DALLAS — Mint Valley Paper is awaiting a decision on its Department of Environmental Quality air contaminant discharge permit.
That step is necessary for the company to complete financing for its $300 million facility proposed for what is now an empty field near Godsey and Monmouth Cutoff roads.
The comment period for the DEQ permit has ended, said Katherine Benenati, spokeswoman for DEQ’s western region.
“DEQ hasn’t made a decision on the permit yet, but expects to as early as this week,” Benenati said.
The permit will set limitations on emissions from the plant and spell out compliance testing, recordkeeping, and reporting requirements.
Mint Valley President Mark Schneider gave a presentation on its proposed facility to the city Economic Development Commission on March 14. He said the company still has some hurdles to clear before it can break ground.
“I don’t want you guys to go away thinking that this project is a done deal. We have challenges in front of us here yet. We’re still working,” he said. “Completing the planning is a key element for us, but, like anything, when you’re building a home, you have to access to the property and the right to build a home on it before you get to build a home. We’re in that situation.”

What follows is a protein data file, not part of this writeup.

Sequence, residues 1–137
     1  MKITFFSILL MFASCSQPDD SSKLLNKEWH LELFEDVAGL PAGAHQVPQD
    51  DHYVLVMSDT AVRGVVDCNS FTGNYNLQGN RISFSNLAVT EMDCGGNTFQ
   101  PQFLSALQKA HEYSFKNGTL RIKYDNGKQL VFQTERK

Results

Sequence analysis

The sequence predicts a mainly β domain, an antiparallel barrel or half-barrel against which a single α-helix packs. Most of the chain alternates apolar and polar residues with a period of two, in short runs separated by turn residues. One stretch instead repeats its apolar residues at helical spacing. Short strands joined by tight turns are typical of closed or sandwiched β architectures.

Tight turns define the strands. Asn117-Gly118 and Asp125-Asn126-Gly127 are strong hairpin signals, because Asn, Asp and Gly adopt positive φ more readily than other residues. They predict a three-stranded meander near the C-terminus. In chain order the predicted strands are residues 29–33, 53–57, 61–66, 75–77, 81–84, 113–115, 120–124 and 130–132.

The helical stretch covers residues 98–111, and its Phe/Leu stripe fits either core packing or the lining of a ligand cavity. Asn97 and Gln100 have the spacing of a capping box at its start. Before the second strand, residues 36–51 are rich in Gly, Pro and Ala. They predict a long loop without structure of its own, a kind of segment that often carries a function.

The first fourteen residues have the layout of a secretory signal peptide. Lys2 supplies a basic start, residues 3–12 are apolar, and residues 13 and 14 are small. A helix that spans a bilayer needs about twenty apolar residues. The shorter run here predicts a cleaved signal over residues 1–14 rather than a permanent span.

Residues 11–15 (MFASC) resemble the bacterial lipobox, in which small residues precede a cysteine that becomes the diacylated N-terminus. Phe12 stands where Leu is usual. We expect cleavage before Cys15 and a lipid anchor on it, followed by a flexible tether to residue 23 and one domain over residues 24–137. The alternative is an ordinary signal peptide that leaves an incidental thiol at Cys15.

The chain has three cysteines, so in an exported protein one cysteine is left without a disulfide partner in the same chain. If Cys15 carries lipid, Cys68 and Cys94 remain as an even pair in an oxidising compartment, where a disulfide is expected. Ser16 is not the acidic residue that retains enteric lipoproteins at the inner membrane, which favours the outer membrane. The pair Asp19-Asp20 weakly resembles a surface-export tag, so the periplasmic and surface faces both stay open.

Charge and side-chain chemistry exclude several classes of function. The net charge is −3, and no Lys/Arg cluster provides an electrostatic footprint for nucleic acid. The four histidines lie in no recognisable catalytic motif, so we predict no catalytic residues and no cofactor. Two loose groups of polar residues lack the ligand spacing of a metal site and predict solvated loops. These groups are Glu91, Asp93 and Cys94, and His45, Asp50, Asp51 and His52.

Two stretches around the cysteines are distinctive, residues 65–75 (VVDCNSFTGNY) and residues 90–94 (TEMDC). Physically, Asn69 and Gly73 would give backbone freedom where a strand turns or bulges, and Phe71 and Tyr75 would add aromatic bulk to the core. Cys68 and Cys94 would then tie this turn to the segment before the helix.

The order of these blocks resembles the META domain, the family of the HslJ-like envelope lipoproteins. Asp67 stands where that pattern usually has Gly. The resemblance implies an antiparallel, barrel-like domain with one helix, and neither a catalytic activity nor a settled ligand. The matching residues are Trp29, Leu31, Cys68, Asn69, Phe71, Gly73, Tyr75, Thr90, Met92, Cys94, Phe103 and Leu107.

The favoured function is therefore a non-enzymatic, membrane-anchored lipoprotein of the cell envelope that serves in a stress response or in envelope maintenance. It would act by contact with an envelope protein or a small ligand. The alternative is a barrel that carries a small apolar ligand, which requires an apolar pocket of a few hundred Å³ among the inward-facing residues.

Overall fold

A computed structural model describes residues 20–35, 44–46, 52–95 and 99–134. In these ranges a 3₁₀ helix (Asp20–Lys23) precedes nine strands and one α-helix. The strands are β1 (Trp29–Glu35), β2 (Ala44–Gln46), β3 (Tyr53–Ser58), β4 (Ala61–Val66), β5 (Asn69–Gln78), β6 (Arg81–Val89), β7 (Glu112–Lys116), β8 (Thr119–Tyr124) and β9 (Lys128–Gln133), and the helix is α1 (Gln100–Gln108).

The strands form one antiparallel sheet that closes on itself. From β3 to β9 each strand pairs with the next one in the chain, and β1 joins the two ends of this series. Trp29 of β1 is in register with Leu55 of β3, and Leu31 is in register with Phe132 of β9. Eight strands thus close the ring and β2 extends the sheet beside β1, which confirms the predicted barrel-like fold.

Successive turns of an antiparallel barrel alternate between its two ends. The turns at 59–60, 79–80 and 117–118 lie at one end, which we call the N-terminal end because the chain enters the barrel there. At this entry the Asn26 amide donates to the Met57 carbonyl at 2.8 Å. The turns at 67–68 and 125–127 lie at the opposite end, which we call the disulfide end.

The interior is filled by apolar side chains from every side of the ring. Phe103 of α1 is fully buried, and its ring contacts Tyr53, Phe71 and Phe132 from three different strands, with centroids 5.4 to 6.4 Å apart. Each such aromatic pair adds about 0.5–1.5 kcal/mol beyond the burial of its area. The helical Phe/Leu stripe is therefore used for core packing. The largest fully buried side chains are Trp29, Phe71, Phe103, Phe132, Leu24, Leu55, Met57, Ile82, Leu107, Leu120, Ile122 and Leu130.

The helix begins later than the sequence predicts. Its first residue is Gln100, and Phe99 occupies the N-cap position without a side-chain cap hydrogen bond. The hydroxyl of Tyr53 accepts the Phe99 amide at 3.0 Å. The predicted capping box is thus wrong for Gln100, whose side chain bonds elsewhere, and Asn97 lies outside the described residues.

Deirdre Schneider, with Mint Valley Paper, said once the DEQ permit is in hand, the company can focus on securing funding. She said many banks won’t issue financing until permits are approved.
Mark Schneider said that of the many sites the company looked at, Dallas rose to the top because of its recycled water project that will enable the facility to reuse water treated at its wastewater treatment plant for limited uses, including manufacturing.
“Dallas had already thought about this,” Mark Schneider said. “You already had plans for it. My hat is off to you guys.”
Dallas Economic Development Director AJ Foscoli said it’s an opportunity to sell recycled water instead of discharging it back into Rickreall Creek as the city does now.
“For every gallon that they use in their plant, half of it goes back to our wastewater treatment plant and gets recycled again and gets sent back,” Foscoli said. “It’s a pretty efficient system that we are going to be upgrading at the wastewater treatment plant, because it means that we actually get to use our wastewater multiple times.”
The city’s planning decision approving the proposal was not appealed by the deadline and deemed final on March 8, Foscoli said.
“I definitely would attribute that to the very well-worded and well-crafted decision by our Planning Director Scott Whyte,” Foscoli said. “He took all of the comments from the community into account, and he went back to the company and said these are the things that are concerning our community. I’m going to write several conditions of approval.”
He said the company agreed to the conditions, ending a process that Foscoli has been involved in for some time.
“It’s been going for quite a while. I started working this project before I was even hired by the city of Dallas, so it’s been going on two and half years,” Foscoli said.